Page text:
jhcsitedoc089012.jpg
Past Weekly Shabbat Message
jhcsitedoc204010.jpg
jhcsitedoc204008.jpg
Jewish Heritage
Connection
Rabbi Dovid Saks
DIRECTOR
jhcsitedoc204006.jpg
rabbi@jewishheritage
connection.org
jhcsitedoc204004.jpg
jhcsitedoc204002.jpg
jhcsitedoc204001.gif
SUPPORT YOUR
JEWISH HERITAGE
CONNECTION
(Torah Portion Mishpatim) Returning the Call

When the Jews reached and encamped at Mount Sinai to receive the Torah, they prepared six days for G-d’s Revelation. The Torah records what they did and accomplished on each day.

First, Moshe was summoned to appear on top of the mountain where G-d instructed him to ask the nation if they were willing to enter into a covenant with Him, thereby becoming a beloved treasure, kingdom of ministers and a holy people. The people responded in the affirmative with a resounding, “Everything that G-d has spoken we shall do.”

The Torah then relates that Moshe brought back the words of the people to the Almighty.

Our great commentator Rashi asks the following: Did Moshe need to report back to G-d? Would the All Knowing G-d not have been aware of the response of the people without Moshe informing Him?

Rashi quoting the Medrash says that the verse comes to teach us proper conduct from the example of Moshe, who didn’t say, “Since He Who sent me knows the response to His message, I need not report back.”

The Torah highlights Moshe’s “Menchlachkeit – decency” he returned the message to the Sender – even though the Sender knew the response.

On this, the saintly Sfas Emes applies a statement of the Medrash “Derech Eretz Kodmah L’Torah. – Proper conduct precedes the Torah.”

Before the Jews received the Torah at Mount Sinai there was a prerequisite of ‘Derech Eretz” - proper personal conduct – and that was accomplished through Moshe returning the response of the Jews to G-d. Moshe displayed that he was directed, influenced and guided by his intellect and intelligence rather than by impulses, assumptions and presumptions.

When I was a fourth grader, Rabbi Sinai Gross taught in the classroom next to ours. The wall that separated the two classrooms was not exactly soundproof. We were certainly able to hear when the other class got rowdy (and they surely heard us as well.) Whenever this happened, it was inevitable that in the next few moments, Rabbi Gross, in a booming voice, would declare just two words, “Derech Eretz!” – Proper conduct! This would bring his class to an immediate hush. Although at the time we felt, “Here he goes again; let’s brace ourselves,” from time to time, his distinct voice rings in my ears when I am faced with circumstances where I need to be reminded to proceed with Derech Eretz.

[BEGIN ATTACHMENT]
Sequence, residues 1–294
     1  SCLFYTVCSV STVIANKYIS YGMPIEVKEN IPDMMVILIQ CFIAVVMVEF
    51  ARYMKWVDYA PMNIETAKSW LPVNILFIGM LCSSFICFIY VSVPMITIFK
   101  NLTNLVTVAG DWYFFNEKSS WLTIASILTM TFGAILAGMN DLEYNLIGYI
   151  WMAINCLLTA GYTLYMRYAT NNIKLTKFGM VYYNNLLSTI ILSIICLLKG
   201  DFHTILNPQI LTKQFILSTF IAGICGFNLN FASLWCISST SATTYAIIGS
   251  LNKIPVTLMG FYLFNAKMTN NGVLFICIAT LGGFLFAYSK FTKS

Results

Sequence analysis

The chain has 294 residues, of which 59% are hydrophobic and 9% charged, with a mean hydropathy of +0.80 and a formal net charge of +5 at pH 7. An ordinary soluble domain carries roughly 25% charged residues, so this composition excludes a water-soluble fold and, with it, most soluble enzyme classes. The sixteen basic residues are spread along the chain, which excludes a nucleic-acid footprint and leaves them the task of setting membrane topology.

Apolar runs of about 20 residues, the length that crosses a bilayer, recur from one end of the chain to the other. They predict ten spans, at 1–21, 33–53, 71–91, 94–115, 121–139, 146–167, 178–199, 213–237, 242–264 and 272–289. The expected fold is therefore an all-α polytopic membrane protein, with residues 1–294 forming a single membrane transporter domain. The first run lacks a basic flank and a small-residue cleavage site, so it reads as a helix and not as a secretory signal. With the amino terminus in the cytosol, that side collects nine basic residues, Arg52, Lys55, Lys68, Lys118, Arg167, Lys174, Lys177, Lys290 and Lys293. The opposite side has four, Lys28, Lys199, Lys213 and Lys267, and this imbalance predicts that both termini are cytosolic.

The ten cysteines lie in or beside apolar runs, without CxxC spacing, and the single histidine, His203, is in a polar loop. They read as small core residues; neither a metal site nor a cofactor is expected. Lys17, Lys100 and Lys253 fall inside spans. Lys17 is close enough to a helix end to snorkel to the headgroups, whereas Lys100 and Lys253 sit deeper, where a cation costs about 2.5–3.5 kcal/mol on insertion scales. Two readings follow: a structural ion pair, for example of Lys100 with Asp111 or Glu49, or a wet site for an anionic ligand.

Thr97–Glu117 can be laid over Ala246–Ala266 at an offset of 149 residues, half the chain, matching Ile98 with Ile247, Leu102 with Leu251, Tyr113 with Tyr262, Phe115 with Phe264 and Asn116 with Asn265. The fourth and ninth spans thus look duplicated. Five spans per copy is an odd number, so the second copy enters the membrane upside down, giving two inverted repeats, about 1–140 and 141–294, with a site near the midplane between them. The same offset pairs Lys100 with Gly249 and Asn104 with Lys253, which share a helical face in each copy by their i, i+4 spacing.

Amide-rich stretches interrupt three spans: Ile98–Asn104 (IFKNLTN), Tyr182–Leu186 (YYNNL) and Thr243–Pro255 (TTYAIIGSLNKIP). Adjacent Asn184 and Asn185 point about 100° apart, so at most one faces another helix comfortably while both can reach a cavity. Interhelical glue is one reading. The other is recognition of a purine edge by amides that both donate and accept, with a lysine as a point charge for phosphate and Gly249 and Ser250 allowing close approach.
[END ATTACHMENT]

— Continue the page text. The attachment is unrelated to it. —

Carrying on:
In today’s technological world that we live in, we take advantage of and are absorbed by so many of the advancements and conveniences. There are however some drawbacks that come along. The fast pace and distractions hinder a certain aspect of our innate, kind, human touch.

One thing that I think that most people would agree on – is that phone messages somehow get lost in the shuffle. They are often either overlooked or not returned within a reasonable amount of time, leaving others in a state of frustration or on Shpilkis.

At eighty-one years old, Moshe was quite an accomplished and busy person. He was the only human being to ascend to the highest spiritual realms. He remained in the Heavens for 40 days studying the Torah from G-d Himself. The Torah describes that his day was demanding from morning until night responding to all the questions and queries of the Jewish people. Moshe made himself accessible to all and made time for everyone.

Yet, prior to attaining and assuming this exalted position of responsibility he displayed his Menchlichkeit – proper and decent conduct – by acting responsibly and returning a message to G-d – even though He already knew it.

I have more thoughts on the Torah portion to write about, but I have to go…. I have to return a collection of some old messages….

 
Wishing you a restful, peaceful
and inspirational Shabbos!
Rabbi Dovid Saks
button3a.jpg